Motorola rarely makes a handset that isn't pleasing to the eye, with a history of classics that go back to the late '80s.
The problem with many previous Motorola phones was poor software, but thanks to the adoption of Android that problem has been eradicated.
In fact, Motorola has since gone on to develop software that has become part of Google's operating system, which is perhaps one of the reasons that Google bought the company.
The latest incarnation of Motorola's own front-end software, now called MotoSwitch, includes a number of widgets that adapt to your individual usage - widgets such as the 'Social Graph', which populates itself with your favourite contacts to allow quick and easy access from the home screen.
The widget can work these out automaticaly, based on who you interact with most, or you can choose them manually. The 'Activity Graph' widget works the same way, but picks out the apps you use most instead.
Besides the standard Android gallery application for viewing pictures and video, the Motorola-connected music player offers much more than most normal music apps.
It can give recommendations about new music as you listen to your songs and link to music videos on YouTube, and you can listen to the built-in FM radio or access internet radio via SHOUTcast.
You can also access the growing TuneWiki community, showing the music that's hot around the world. Finally, there's a music recognition provided by SoundHound. In other words, if you're into music then Motorola has your back.
For accessing video, your options are a bit more limited. The MediaSee app will look for online storage devices on your wi-fi network, but it comes without Motorola's MotoCast service, which lets you stream content from your home PC or Mac from anywhere in the world.
It's not available as a download from the Google Play store either, although that might hopefully change in the future.
The Motoluxe is a weird mix of new technology and old. It has a 4-inch, brightly illuminated LCD display that has a respectable 480x854-pixel resolution, with a small gap between the phone edge and the screen on the left- and right-hand sides.
Not quite the edge-to-edge design that Motorola promotes in its advertising, but certainly better than a lot of competitors.
There's a memory card slot, too, so you can easily expand the memory as you see fit.
Even at just 9.8mm thin, the phone still squeezes in a 1,390mAh battery, and on the back there's an 8-megapixel autofocus camera with LED.
The photos it takes can be quite noisy in low-light, and overexposed when you use the LED lamp for close-ups, but if the conditions are good (in other words, outside during the day) then you get some good results.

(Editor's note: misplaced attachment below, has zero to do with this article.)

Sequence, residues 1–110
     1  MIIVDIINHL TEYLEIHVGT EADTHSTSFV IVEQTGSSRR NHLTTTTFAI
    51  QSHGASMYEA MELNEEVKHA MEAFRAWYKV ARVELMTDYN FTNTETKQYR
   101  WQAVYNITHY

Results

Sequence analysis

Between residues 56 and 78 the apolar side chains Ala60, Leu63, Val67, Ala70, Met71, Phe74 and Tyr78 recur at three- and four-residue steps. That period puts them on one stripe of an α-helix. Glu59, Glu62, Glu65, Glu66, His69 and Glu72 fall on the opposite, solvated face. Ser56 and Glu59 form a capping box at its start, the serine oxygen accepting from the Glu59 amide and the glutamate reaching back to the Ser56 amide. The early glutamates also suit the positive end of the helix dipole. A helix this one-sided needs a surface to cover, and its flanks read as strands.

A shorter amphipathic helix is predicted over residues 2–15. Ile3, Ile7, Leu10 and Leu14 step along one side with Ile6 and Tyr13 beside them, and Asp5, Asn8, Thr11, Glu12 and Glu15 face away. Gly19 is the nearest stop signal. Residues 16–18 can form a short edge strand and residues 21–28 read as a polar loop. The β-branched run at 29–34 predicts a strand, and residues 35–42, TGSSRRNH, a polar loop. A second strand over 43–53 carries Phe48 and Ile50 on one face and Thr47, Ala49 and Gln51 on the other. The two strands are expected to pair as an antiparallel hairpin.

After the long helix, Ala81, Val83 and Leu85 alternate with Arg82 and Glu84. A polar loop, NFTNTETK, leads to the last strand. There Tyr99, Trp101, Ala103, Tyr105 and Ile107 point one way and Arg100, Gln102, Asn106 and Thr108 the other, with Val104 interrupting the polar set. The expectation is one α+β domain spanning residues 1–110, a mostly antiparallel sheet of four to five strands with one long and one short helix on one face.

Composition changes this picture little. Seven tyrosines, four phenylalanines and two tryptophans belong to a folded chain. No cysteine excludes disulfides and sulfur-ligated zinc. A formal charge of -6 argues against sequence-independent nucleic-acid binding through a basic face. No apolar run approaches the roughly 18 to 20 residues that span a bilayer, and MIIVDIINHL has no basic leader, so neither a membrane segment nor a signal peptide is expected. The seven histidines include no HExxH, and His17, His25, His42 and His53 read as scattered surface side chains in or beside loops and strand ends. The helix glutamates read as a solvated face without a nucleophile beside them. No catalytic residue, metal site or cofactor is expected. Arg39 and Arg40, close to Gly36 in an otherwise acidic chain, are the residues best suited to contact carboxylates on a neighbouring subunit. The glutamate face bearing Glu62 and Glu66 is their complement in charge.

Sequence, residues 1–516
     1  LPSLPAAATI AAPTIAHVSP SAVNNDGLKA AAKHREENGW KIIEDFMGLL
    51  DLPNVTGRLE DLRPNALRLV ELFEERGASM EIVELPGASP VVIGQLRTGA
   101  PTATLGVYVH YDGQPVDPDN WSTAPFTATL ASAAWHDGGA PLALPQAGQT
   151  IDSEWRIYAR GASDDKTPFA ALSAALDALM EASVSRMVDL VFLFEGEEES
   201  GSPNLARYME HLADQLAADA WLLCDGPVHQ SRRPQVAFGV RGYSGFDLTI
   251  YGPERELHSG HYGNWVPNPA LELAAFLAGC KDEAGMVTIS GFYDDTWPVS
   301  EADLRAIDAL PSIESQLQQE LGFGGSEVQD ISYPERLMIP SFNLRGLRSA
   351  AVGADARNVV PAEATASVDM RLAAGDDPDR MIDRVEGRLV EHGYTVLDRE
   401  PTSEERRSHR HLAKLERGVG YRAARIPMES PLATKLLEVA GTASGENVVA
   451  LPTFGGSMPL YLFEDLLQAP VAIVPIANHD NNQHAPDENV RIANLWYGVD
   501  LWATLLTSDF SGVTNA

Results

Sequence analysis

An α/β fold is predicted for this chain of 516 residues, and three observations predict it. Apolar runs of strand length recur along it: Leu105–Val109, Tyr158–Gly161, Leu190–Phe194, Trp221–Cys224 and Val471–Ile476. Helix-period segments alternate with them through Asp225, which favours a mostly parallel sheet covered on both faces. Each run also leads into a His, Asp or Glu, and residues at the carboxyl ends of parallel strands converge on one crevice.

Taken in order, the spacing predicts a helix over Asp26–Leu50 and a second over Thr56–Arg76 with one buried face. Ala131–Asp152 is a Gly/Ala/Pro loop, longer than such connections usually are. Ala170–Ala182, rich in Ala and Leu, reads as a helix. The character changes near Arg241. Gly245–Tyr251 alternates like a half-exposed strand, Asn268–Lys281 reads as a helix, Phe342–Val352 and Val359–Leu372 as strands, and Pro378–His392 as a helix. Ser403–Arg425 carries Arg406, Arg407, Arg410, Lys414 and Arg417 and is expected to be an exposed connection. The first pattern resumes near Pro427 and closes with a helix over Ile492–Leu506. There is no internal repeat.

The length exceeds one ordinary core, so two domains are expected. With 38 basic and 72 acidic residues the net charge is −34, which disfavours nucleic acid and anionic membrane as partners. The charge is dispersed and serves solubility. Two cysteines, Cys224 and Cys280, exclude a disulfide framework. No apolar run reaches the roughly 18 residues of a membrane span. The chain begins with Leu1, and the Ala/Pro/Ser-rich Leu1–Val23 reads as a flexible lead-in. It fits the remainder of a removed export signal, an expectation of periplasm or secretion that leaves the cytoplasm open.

For indoor shots, I wasn't blown away by the camera or the very long time it takes to focus.
For all of the good things about the Motoluxe, there are also some rather bad things that could spoil the party.
Firstly, it has a paltry 800MHz single-core processor. This is coupled with a graphics co-processor that's now two or three generations old. Video recording is limited to just 800x480 pixels (so no HD here), while just 512MB of RAM limits the number of apps that can be left running at once.
A slow processor might improve battery life (and it may well be possible to overclock the device easily as with other Motorola models), but out of the box you can't fail to notice that the user experience takes a hit.
As you navigate around the phone, the animated transitions frequently stutter and the phone slows down when applications work in the background (like downloading new emails or doing app updates). It goes without saying that the graphical performance is hit hard too.
All of this leaves me wondering why Motorola thought a dollar or two saved on the hardware was worth the potential damage to sales, and its reputation. It seems like Motorola is once again living up to its old reputation of putting style before substance.
To mitigate the worst delays, you can turn off animations in the settings menu or turn off background synchronisation. You can also change the system font (two are included, more are sold via the Play store with prices starting at 62p per font) and configure the battery manager to turn off functions at night, or at your own chosen times.
You can set up three individual profiles, allowing separate home screen panels (with different widgets, app shortcuts and wallpapers) for home, work, and weekend.
On the plus side, the battery performs well and I managed almost 24 hours before the phone finally gave up the ghost. This is something I've not seen for some time, and perhaps time will show that a slower phone is more useful in the long run.
Another nice bit of design comes from the lanyard slot at the lower left hand corner of the phone. Inside is a light bar that gives bright notifications in a range of colours. Because of its position, you can see the light from both the front and back.
The lock screen also shows you key information at-a-glance, as well as letting you launch up to six apps instantly with a drag of the icon to the middle of the screen. For unlocking, drag the lock icon outwards. Simple but effective.
Had this phone had more power under the bonnet, it could well have been the ideal mid-range smartphone. In fact, if Motorola upped the screen resolution and included a dual-core processor with more RAM, it could be the company's best Android smartphone yet.
As is stands, it's a bit of a lost opportunity - it could have been better and without a major impact on the price. Perhaps Motorola will release a faster model, as it did with the Defy+, in due course. Until then, you'll have to make a decision based on what you want from a smartphone.
If your expectations aren't as high as mine, the Motoluxe has a lot of good things going for it, but I can't help but feel that the sluggish processor will eventually make you wish you'd gone for something more powerful.